Guest Commentary by Michael Olson
- Published: Aug 15, 2013, 8 PM
Adventure, new beginnings, memorable family vacations, iconic architecture, history, the open road. All of these have one thing in common — U.S. Route 66. Commissioned in 1926 as a federal highway stretching from Chicago to the Pacific Ocean 2,448 miles away in California, Route 66 almost immediately became an enduring part of American culture and lore.
During the Depression, thousands of displaced citizens from the middle of America fled the Dustbowl on Route 66 for the promise of a better life in California. John Steinbeck’s novel Grapes of Wrath details the tribulations of a family making such a journey and gave the route its nickname, “The Mother Road.” It has also been referred to as the “Main Street of America.”
During the Second World War, Route 66 was a vital artery through Middle America, connecting numerous military installations with important rail, sea and river terminals, providing memories for the “Greatest Generation.” At war’s end, veterans took to the road en masse with their young families to explore the great west, including the Grand Canyon, Meramec Caverns, Meteor Crater and many other points of interest. A popular song and hit television series added to the mystique and allure of Route 66.
While Route 66 enjoyed extensive use through the 1950s and 1960s, the advent of the interstate system marked the beginning of the end for the route. The interstate system pushed west, bypassing many small Route 66 towns that depended on the road to support their economies and relegating the route to secondary status through major cities. The last portion of U.S. 66 was bypassed by interstate in 1984. Many lives were impacted and some towns ceased to exist. The Disney movie Cars portrays a fictional Route 66 town that thrived before being bypassed.
Today, the route and its roadside attractions are still out there for all to enjoy. It exists as a patchwork of county, state, federal and interstate highways marked by “Historic Route 66” signage. Many of the buildings, structures and even segments of the route itself are listed on the National Register of Historic Places, and can be found on the National Park Service website www.nps.gov/nr/travel/route66/. In addition to Americans hitting the old road, thousands of foreign visitors drive Route 66 every year, some even shipping their own classic cars and motorcycles to do so.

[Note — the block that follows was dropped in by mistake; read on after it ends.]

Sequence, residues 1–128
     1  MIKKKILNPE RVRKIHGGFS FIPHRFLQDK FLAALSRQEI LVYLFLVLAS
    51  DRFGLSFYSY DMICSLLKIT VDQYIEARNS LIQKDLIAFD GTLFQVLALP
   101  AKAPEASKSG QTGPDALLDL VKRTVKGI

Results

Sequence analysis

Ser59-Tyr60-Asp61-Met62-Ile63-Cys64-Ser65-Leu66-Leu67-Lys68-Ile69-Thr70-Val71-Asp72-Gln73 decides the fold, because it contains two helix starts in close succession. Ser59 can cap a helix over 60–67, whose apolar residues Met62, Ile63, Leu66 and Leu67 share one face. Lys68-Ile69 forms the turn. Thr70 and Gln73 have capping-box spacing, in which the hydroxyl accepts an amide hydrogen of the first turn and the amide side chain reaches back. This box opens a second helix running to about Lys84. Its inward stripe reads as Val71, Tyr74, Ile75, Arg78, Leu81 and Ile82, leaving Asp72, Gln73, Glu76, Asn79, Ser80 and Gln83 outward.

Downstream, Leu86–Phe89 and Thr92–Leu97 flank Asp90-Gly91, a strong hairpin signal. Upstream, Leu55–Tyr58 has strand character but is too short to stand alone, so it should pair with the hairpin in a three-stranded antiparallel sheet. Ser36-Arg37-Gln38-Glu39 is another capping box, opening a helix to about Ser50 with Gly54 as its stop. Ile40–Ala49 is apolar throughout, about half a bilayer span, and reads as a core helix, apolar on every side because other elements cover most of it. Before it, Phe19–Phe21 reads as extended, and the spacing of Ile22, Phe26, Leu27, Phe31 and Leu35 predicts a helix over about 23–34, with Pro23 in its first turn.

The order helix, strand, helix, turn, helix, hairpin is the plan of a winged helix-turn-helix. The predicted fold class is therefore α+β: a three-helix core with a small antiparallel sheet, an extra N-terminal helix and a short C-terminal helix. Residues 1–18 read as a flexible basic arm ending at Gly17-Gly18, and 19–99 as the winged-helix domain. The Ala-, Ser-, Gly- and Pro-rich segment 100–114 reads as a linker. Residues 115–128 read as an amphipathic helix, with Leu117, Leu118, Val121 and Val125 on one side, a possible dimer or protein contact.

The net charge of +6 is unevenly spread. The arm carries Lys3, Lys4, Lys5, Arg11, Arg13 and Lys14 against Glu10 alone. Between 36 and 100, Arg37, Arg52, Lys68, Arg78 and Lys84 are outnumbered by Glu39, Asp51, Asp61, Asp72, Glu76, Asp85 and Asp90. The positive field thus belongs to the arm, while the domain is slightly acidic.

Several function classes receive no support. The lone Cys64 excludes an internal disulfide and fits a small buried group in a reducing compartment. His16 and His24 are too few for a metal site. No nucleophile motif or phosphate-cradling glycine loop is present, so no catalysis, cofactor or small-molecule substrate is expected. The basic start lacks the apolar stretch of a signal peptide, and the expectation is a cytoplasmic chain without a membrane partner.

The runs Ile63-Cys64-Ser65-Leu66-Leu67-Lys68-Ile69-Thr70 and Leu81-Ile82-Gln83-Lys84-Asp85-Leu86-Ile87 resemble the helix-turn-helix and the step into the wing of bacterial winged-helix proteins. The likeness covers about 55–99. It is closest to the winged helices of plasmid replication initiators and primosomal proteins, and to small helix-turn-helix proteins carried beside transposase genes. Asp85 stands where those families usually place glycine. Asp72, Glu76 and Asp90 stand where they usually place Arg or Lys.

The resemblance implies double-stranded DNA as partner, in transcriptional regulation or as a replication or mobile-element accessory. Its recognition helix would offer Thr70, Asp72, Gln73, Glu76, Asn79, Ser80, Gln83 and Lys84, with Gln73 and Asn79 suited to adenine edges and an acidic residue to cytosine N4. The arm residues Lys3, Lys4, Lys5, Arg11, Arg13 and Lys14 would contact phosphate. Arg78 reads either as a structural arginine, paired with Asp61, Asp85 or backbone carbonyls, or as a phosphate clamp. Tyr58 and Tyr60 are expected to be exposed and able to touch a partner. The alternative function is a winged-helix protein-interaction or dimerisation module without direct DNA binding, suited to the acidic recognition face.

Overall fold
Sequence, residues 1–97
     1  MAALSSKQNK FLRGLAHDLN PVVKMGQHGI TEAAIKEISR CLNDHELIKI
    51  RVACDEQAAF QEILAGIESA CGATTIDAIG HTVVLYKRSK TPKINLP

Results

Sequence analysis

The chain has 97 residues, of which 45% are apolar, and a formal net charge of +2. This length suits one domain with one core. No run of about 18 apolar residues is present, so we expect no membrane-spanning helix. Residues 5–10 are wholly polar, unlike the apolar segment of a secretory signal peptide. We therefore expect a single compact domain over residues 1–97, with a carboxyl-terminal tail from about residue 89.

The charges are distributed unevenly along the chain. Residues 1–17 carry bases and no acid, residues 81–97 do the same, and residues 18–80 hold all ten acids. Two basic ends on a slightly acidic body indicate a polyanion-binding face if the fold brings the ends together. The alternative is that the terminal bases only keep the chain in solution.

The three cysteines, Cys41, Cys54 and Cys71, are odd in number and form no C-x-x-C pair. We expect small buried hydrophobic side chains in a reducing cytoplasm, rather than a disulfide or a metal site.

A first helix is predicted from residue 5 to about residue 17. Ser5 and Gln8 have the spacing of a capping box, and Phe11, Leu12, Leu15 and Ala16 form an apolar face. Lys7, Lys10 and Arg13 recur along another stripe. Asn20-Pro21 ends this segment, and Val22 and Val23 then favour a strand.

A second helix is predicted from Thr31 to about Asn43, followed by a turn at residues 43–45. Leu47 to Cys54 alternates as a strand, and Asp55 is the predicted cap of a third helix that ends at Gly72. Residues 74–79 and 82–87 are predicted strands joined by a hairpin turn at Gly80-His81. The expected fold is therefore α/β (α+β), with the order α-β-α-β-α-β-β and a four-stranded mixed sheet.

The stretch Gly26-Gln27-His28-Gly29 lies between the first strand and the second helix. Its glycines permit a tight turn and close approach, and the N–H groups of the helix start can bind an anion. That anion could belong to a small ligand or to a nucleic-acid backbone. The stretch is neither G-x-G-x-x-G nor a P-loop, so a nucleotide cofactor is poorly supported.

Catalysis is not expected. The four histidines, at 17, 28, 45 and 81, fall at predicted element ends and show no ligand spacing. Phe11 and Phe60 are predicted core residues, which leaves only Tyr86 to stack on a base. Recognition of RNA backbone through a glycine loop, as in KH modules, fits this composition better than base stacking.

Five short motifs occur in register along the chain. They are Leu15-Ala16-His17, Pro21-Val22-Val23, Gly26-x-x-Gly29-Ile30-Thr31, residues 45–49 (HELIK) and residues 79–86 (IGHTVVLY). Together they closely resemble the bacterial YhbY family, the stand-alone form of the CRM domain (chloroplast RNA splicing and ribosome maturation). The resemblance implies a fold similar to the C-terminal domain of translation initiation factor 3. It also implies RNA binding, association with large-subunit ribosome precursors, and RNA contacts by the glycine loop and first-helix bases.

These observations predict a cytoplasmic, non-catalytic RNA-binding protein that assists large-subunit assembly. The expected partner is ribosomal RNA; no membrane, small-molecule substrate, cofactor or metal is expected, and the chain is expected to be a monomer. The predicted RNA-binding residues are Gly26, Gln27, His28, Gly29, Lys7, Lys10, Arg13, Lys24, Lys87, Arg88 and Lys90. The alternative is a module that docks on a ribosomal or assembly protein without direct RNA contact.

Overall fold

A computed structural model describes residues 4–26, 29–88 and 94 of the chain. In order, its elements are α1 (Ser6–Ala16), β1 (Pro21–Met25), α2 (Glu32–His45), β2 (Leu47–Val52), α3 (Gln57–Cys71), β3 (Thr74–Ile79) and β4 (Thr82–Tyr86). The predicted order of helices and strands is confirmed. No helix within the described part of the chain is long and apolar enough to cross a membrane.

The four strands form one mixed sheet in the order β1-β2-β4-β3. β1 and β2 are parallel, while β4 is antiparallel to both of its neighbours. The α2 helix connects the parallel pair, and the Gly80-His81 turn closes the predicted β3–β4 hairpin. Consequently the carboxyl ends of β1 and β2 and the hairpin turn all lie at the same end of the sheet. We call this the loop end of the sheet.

With the 90th anniversary of the establishment of Route 66 in 2016, the Citizens Coinage Advisory Committee has twice recommended a series of half dollars to commemorate the event, in both its 2011 and 2012 annual reports. The series of eight copper-nickel clad half dollars, one each for the states of Illinois, Missouri, Kansas, Oklahoma, Texas, New Mexico, Arizona and California would bear a common reverse and a state specific obverse. Imagine the possibilities this series would provide to capture the unique history, architecture and landscapes along the route, on a coin the size of a half dollar: A sports car speeding through the California desert, the Marsh Rainbow Arch bridge in Kansas, the Cadillac Ranch in Texas, the Chain of Rocks bridge over the Mississippi, the Art Deco and Streamline Moderne commercial buildings of various states. These are just a few examples that come to mind.
The recommendation calls for not more than a total of 750,000 copper-nickel clad half dollars for the eight-coin series, making for a very unique, fun and collectible set that would celebrate the American spirit and experience as never before.
A design contest would almost certainly result in some fantastic proposals from artists who are very familiar with Route 66 and what is has to offer artistically. This commemorative series would introduce a new generation of young collectors to an American treasure and stimulate further exploration by American and foreign visitors alike.
At this point, commemoration of 90th anniversary of the establishment of Route 66 in 2016 remains only a recommendation of the Citizens Coinage Advisory Committee. In order for this series of coins to become reality, Congress must pass a bill that is signed by the president. Those with an interest in seeing this series produced should contact their members of Congress.
Michael Olson is a collector and member of the Citizens Coinage Advisory Committee who has also travelled extensively along Route 66.
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